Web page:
These strategies are extremely persistent. Why? Because inside us they are tied to our biological survival. They literally kept us alive. Think lizard brain. Consequently, they don’t shift easily. This is why it’s very unusual for those of us with ACEs to be able to just shift our mindset or use a behavioral strategy to truly overcome these double binds. We might feel better briefly and I am all for that. I have my own very full toolbox of cognitive and somatic tools that I can pull out even in the grocery store line.
However, what if I told you there’s a way to really work with these old strategies, a way to get at the root of what’s driving them so that you can turn down their volume substantially? I want to introduce you to the NeuroAffective Relational ModelTM (NARMTM), a top-down, cognitive and bottom-up, somatic approach to helping people recover from ACEs. What I love about NARM is that it truly gets to the heart of the matter by helping us uncover what’s keeping us stuck right now in our lives, usually a type of double bind like I mentioned above. We focus on the specifics of the internal conflict going on inside us rather than telling our ACEs stories yet again. We can’t change the past but we can change our relationship to the past, see what’s unfinished and why on some level we are still caught in survival mode.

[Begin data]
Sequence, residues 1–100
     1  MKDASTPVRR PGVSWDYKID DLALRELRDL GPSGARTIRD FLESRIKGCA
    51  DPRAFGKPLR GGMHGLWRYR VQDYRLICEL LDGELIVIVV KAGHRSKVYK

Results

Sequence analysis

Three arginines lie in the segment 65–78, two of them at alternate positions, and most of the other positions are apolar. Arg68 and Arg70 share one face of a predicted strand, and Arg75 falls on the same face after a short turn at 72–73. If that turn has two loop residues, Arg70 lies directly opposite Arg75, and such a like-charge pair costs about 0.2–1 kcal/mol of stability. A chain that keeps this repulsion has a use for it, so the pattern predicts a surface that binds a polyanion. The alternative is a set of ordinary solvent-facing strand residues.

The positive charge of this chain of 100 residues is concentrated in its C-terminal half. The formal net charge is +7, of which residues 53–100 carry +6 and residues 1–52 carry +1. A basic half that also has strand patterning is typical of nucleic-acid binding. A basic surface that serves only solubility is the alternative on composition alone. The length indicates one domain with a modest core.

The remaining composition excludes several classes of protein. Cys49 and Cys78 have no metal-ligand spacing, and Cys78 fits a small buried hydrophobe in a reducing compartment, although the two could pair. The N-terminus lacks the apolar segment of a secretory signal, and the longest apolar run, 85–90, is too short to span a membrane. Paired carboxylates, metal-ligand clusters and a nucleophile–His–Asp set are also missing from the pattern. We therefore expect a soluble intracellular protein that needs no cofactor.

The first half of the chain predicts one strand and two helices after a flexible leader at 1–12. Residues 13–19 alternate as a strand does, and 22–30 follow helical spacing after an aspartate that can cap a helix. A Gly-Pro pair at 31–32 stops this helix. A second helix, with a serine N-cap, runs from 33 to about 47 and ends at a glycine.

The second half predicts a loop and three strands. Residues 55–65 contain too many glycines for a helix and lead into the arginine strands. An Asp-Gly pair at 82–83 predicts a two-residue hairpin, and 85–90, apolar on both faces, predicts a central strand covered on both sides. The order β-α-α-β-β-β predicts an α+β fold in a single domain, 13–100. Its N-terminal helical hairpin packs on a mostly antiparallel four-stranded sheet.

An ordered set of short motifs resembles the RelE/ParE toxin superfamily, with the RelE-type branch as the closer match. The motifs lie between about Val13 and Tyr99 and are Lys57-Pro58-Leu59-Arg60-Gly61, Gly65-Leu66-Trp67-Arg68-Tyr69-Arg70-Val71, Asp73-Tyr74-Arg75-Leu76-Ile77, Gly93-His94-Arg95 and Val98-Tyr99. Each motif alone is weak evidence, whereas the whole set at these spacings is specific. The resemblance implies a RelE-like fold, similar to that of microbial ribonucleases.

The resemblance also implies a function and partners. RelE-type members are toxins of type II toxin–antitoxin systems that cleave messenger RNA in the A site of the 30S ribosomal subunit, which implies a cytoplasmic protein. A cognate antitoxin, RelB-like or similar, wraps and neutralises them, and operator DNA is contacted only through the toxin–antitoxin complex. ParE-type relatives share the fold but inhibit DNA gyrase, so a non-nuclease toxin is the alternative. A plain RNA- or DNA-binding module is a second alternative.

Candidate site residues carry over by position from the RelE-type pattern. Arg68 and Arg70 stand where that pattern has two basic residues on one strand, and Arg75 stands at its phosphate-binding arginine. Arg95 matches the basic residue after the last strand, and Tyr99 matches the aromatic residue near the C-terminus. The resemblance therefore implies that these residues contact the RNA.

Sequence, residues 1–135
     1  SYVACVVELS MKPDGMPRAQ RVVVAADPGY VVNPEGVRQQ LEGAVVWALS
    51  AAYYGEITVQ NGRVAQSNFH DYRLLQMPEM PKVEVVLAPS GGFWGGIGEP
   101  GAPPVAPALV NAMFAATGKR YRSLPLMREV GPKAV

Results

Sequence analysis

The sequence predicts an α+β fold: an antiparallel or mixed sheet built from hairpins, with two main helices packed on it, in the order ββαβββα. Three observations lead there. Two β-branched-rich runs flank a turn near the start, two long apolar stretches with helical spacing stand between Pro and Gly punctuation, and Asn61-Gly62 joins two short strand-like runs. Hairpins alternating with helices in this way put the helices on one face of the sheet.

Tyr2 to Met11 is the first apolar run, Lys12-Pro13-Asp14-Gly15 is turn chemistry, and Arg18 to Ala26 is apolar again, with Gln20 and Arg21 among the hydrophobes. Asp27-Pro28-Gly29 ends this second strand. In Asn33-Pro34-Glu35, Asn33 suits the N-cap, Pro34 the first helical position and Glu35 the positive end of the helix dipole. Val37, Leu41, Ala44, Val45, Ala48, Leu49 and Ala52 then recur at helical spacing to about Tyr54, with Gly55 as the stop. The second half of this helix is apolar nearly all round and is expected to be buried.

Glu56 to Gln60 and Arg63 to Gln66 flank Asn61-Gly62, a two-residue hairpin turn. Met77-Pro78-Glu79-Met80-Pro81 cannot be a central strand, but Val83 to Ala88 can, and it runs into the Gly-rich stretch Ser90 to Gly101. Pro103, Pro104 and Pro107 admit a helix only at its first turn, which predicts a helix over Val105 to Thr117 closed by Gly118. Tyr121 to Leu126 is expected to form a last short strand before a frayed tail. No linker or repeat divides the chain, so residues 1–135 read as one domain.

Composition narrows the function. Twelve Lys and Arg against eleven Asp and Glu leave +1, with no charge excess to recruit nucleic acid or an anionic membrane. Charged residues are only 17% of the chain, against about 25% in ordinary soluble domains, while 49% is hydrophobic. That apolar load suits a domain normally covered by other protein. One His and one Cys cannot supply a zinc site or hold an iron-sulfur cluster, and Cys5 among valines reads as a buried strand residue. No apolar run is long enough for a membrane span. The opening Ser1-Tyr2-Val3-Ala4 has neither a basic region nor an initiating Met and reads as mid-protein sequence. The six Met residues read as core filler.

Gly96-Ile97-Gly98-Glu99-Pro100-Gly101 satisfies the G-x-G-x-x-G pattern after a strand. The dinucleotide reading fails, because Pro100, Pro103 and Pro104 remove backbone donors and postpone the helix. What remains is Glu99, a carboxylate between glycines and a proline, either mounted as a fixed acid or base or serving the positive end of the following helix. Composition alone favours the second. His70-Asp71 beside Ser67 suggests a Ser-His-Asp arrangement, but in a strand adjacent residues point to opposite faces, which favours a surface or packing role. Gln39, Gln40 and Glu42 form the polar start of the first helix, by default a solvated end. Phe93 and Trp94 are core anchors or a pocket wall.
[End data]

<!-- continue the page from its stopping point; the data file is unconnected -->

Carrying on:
I am here to tell you that whatever it was that happened to you, you already survived that. I know because you are reading this blog post. You are no longer trapped in that house, in that family and in that situation. What do you notice right now as you consider what I just said? Differentiating the past from the present is a significant part of healing from ACEs.
Dr. Laurence Heller, the creator of NARM frequently reminds us that what we fear most has already happened. What many of us fear most is being rejected. Consider for a moment that those of us with ACEs were rejected over and over in big and small ways by our family of origin, often on a daily basis. We already survived that. Can you let that reality in? There might be some emotion that comes along with this experience. See if you can let it be here.
You can do the work necessary to live fully alive in spite of ACEs. It takes persistence, a constant connection to the part of you that knows without a doubt that you can heal, that you no longer want to just survive among the living dead. Sometimes it’s messy and even painful to resolve but from my perspective it’s totally worth it. Feel that primal urge inside you to come alive and live authentically whatever that means to you. Back then you had to compromise to survive. Now it’s time to fully live.
Want help with this? Let’s talk.
Suzie Gruber, M.A., SEP., holds advanced degrees in chemistry & psychology She spent 15 years in biotechnology before returning to her first love inspiring people to transform their lives. A personal development coach living in Ashland, OR, Suzie also offers workshops and webinars designed to provide a trauma-informed lens through which service providers and leaders can better serve their clients and staff. Additionally, Suzie is a training assistant and the Research Director for the NARM Training Institute.